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Alberta opens COVID-19 vaccines for children Tuesday: Here's what you need to know


Health experts are urging parents to get their children and babies vaccinated for COVID-19 now, ahead of the fall and return to school.

On Friday, the province announced immunizations for Albertans ages six months to five years open on Aug. 2 — the last Canadian jurisdiction to do so.

First dose appointments must be booked through the online vaccine portal or by calling Health Link at 811.

The recommended dose for children ages six months to 11 years is a series of two doses, with an interval of at least eight weeks between each shot.

Children will receive the Moderna Spikevax vaccine, approved by Health Canada two weeks ago.

For those who are immunocompromised, three doses can be administered, with an interval of four to eight weeks between each vaccine appointment. Children on First Nations can access doses at nursing stations or public health clinics on-reserve.

For parents worried about how their child will react, Dr. Tehseen Ladha, pediatrician and University of Alberta assistant professor, says communication and preparation is key.

"Practice at home with a pencil, with a toy," Ladha said. "Show them where it's going to go into their body. Tell them that it will hurt a little bit.

"It's important to be honest so that they know what to expect," Ladha added. "The truth is always better. Otherwise, they become more fearful because they don't know what's happening."

She also recommends bringing a distraction to the appointment, like a book or a toy.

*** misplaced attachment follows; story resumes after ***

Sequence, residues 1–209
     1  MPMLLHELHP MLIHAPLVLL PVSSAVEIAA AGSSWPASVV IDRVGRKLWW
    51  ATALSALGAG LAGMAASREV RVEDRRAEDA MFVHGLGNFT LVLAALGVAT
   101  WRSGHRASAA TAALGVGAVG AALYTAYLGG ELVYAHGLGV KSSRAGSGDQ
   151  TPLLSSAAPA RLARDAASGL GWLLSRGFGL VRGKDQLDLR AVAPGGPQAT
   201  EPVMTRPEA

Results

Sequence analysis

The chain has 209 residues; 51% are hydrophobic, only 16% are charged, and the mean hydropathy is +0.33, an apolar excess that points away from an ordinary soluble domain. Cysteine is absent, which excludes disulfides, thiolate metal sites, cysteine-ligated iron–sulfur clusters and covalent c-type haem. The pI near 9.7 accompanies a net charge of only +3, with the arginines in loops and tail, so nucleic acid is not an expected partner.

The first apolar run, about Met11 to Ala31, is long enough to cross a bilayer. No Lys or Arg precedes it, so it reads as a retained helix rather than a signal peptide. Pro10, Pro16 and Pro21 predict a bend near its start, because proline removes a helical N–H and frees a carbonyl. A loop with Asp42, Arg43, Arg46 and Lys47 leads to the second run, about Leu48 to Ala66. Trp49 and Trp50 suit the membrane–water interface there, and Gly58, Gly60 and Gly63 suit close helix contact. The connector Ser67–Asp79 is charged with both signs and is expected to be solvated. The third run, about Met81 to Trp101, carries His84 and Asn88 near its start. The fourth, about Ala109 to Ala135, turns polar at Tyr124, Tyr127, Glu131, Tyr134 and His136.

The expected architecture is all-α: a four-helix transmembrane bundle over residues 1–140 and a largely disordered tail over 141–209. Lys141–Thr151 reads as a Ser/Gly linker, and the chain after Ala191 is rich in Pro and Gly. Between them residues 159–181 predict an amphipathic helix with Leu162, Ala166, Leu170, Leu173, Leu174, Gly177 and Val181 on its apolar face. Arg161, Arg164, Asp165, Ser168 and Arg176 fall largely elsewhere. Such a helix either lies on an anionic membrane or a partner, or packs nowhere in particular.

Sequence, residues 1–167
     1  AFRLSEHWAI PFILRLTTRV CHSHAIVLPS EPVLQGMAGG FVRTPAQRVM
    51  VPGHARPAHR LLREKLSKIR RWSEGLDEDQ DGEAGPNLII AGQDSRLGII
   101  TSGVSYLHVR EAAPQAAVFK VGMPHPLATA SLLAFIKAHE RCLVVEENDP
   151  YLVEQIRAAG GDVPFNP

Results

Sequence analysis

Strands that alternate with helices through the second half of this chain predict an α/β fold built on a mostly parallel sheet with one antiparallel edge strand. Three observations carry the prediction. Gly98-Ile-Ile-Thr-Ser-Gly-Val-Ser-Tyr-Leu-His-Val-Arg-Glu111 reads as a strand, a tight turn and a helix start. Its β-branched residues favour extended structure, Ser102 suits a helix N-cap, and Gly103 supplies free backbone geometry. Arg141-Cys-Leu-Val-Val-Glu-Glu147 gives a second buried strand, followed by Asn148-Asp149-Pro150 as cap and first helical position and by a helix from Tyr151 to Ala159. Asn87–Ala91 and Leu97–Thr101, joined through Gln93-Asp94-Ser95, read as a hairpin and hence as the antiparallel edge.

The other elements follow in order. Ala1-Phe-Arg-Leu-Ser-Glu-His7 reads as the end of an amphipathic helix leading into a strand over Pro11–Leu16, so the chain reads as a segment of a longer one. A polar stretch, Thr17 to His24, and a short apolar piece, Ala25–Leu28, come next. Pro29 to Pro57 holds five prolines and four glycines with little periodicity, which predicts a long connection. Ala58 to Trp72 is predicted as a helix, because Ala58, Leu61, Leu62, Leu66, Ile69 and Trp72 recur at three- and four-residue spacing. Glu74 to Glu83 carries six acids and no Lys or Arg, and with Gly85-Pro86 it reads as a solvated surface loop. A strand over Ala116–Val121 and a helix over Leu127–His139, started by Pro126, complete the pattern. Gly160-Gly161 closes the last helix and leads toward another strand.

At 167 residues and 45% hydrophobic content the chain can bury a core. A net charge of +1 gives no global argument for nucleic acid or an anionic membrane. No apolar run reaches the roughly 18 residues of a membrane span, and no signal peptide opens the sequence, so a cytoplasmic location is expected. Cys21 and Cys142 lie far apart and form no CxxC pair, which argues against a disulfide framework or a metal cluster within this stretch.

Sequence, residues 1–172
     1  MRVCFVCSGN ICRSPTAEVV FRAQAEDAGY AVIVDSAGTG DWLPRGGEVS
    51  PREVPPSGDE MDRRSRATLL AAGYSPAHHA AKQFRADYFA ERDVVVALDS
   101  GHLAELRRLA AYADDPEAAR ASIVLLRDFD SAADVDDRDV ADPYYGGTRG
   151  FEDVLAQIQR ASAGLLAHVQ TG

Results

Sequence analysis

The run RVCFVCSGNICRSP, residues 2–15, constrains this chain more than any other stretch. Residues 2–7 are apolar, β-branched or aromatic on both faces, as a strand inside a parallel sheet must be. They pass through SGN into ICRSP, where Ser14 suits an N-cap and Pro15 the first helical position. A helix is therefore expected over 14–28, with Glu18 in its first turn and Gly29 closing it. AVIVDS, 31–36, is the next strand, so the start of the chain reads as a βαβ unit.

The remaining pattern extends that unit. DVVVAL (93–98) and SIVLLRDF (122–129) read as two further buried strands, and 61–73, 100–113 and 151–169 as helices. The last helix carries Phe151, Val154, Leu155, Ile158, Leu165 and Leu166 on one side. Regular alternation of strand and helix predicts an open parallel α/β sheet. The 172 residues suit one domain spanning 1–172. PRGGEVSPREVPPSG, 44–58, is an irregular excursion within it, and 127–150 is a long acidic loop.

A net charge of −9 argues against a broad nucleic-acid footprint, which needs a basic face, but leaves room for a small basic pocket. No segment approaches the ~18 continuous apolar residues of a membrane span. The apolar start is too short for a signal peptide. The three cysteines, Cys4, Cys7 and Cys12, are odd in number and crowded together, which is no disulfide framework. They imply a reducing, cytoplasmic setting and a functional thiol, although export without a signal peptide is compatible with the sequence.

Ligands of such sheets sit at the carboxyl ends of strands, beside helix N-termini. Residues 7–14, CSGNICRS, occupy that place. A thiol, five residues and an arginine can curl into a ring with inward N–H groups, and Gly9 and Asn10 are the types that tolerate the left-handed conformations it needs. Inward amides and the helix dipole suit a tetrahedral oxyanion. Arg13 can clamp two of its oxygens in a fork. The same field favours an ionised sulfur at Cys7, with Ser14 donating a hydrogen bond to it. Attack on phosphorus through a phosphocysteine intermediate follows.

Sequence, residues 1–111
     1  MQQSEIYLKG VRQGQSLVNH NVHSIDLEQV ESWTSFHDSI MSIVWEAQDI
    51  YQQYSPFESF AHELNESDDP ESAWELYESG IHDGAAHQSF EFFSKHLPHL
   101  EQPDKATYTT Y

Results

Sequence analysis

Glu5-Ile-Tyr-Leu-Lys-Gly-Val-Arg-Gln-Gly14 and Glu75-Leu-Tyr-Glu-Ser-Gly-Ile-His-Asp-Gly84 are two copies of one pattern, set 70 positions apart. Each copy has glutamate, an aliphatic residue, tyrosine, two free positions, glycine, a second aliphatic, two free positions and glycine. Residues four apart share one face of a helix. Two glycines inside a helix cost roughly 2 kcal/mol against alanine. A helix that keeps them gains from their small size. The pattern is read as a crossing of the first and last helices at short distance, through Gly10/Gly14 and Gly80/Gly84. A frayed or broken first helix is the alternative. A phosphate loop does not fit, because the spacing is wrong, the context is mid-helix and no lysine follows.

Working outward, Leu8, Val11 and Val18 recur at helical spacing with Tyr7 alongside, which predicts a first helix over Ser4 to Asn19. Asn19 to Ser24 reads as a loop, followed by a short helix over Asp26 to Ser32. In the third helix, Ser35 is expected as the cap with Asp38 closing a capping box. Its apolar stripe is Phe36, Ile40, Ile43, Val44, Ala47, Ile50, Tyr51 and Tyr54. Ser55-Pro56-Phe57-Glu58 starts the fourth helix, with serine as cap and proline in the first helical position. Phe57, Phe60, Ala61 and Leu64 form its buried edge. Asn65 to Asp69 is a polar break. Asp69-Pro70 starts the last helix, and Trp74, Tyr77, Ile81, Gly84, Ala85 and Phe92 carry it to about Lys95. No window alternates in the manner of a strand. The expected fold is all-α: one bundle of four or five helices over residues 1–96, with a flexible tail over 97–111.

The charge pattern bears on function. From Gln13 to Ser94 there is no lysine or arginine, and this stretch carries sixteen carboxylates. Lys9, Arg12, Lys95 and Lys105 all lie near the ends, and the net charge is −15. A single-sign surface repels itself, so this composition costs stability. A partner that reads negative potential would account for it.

"It's always important to have a reward at the end," Ladha said. "That can really help as well. So something to look forward to, a treat or an activity."

Pharmacists are only allowed to administer vaccines to children aged five years or older, with younger kids being vaccinated by Alberta Health Services nurse or doctor.

"If children end up having COVID, there is a potential for long-term consequences of COVID infection," said Wilson Tat, a pharmacist at PharmaChoice South Boulevard Pharmacy in Edmonton.

"There's something called multisystem inflammatory syndrome (MIS) that is currently being studied for whereby children who do have COVID are at risk for some long-term consequences."

Dr. Deena Hinshaw, Alberta's chief medical officer of health, said that while most children are not at a high risk of severe outcomes from the virus, those under five have higher risks than those between five and 11.

“I encourage parents and guardians to speak to a trusted health-care provider for questions about their child's health, including questions about COVID-19 and immunization,” she added in a statement.

While serious illness among children is rare, the National Advisory Committee on Immunization has said the number of children hospitalized for COVID-19 dramatically increased as the Omicron variant spread last winter.

The average monthly rate of young children hospitalized because of COVID-19 was 15.9 per 100,000 children under five in the first three months of 2022. That figure is up from 1.4 per 100,000 during the first two years of the pandemic.

The announcement means approximately 234,000 more Albertans will become eligible for the COVID-19 shot and that as of Tuesday, all Canadian provinces will have begun administering or at least booking appointments for young children.

With files from The Canadian Press Top Stories

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